Mazda’s little million-selling sports car provides direct connection to the road, with steering, close-ratio manual shifting and responsive braking. I’ve tested models with the manual six-speed and the automatic and vastly prefer the former. With its short little lever and feeling of being connected to actual gears, you can’t beat it. In my most recent week-long test car, I was stuck in a two-hour-and-10-minute traffic jam on the way home from work, and even in those conditions I’d rather sample the silky manual six than an automatic.
It takes some dexterity to get yourself into the low driver’s bucket set, and some strength and care to extricate yourself. I can still maneuver OK, but at nearly 65, I take it easy. My wife has no love for these roadsters, but that’s my fault. When I had test Miata number one, I insisted she climb into and out of it late in her pregnancy with our son. She’s never forgotten it, and she was equally unimpressed with the 2018 model.
Miatas have their fans—lots of them. There are race series for them, and I have spoken with many owners over the years. In fact, while testing this new model, I ran across a colleague with a green-and-white ’91 that was still rolling along. Another colleague, who owns a nicely-preserved ’94 in the limited-edition Laguna Blue, asked for a ride, and I was only too glad to oblige. He was impressed by the new car’s acceleration from the little 155-horsepower 2.0-liter engine (with 148 . of torque). With the manual six, the soft-top Miata weighs in at just 2,332 pounds, so that’s enough to generate excitement, if not speed records.
Riding low takes a little getting used to. Once you’re inside, there feels like enough room, but when you look out either side window, it’s likely directly at someone’s wheel. When you look out the windshield, you’ll see rakishly canted fenders, in the latest Kodo Design theme. The hood cut lines are cleverly hidden beyond the curve, so you don’t notice them from the cabin. The hood gently rises at its center over the engine compartment.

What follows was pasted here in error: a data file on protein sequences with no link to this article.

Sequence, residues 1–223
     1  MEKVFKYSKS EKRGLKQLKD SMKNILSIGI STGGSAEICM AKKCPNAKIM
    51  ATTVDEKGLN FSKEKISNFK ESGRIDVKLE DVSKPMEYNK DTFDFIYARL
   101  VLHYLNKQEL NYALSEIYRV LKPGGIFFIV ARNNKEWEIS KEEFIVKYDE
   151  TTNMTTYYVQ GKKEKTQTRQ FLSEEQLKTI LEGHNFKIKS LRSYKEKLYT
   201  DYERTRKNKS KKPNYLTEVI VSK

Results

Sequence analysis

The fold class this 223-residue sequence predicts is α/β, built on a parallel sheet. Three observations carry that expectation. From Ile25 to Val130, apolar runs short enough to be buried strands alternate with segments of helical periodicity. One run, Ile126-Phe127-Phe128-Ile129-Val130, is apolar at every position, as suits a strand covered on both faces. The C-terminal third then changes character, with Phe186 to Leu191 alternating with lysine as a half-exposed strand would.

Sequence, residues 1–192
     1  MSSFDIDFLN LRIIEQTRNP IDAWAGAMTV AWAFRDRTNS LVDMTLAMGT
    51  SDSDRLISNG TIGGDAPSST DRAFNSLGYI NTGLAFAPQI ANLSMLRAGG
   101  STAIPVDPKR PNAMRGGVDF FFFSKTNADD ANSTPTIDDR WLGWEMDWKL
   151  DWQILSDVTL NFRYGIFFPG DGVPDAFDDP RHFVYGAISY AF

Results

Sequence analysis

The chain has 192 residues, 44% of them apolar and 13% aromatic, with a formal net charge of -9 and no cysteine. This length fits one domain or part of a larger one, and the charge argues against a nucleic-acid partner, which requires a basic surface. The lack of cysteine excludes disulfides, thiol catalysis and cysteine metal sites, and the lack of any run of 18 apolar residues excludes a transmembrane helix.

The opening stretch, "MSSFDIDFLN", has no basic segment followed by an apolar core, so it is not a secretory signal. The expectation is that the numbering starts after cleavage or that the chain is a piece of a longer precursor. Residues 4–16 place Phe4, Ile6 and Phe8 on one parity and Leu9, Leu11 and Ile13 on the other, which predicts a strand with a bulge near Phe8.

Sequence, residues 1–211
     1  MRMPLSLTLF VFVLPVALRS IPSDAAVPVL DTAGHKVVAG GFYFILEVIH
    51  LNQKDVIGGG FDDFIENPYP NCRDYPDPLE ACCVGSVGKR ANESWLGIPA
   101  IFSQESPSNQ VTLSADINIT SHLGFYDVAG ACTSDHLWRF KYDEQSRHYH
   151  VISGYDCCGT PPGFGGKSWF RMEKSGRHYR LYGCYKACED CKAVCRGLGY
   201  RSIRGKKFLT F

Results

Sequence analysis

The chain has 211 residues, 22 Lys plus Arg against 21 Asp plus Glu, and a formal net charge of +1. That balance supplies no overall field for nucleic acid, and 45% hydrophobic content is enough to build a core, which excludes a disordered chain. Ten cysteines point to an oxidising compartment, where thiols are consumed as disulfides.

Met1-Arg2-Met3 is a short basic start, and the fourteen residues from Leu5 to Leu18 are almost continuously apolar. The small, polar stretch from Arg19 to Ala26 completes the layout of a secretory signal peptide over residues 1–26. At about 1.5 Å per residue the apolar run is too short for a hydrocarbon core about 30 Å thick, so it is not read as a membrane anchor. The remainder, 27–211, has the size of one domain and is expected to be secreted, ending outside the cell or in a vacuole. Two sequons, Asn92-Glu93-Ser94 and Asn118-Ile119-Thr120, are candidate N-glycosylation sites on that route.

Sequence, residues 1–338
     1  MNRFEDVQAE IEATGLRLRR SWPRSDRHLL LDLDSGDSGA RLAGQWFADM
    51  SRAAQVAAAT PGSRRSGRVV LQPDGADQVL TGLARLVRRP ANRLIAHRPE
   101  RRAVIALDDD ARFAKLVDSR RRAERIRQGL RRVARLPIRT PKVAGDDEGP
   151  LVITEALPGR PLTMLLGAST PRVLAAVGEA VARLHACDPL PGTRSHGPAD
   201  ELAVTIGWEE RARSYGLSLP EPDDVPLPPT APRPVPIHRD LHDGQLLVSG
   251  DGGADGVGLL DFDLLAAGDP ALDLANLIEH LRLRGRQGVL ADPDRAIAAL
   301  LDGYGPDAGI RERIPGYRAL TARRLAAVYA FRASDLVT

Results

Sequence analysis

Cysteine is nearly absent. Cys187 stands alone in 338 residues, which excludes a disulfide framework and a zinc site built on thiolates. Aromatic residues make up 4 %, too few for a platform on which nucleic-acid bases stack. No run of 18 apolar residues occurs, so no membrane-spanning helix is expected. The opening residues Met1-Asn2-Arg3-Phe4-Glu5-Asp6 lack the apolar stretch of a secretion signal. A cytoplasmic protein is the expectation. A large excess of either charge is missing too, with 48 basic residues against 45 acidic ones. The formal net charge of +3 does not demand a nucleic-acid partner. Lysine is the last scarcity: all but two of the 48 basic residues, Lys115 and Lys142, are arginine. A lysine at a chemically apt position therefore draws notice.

The original Miata featured a simple, plain interior, with the right proportions but no attempt at luxury touches. Its black plastic was well crafted, but not fancy. There were silver rings around the gauges, though, a tip of the hat to the cars of yore. There was a tachometer in the middle of the instrument panel, where it resides to this day. Cloth seats were standard.
The car has grown more and more elegantly designed over the years, with sculpted door panels and the neatly trimmed interior fittings. Beautiful metallic accents on the steering wheel, transmission surround, air vents, and door handles lend an upscale air. The Kodo Design theme blends a flow of soft curves and edges across the doors and dash. The center console not only gives your arm a resting place, but sits above the driveshaft that conveys the engine’s power to the rear wheels—just like in those old-fashioned MGs, Triumphs, and Austin-Healeys.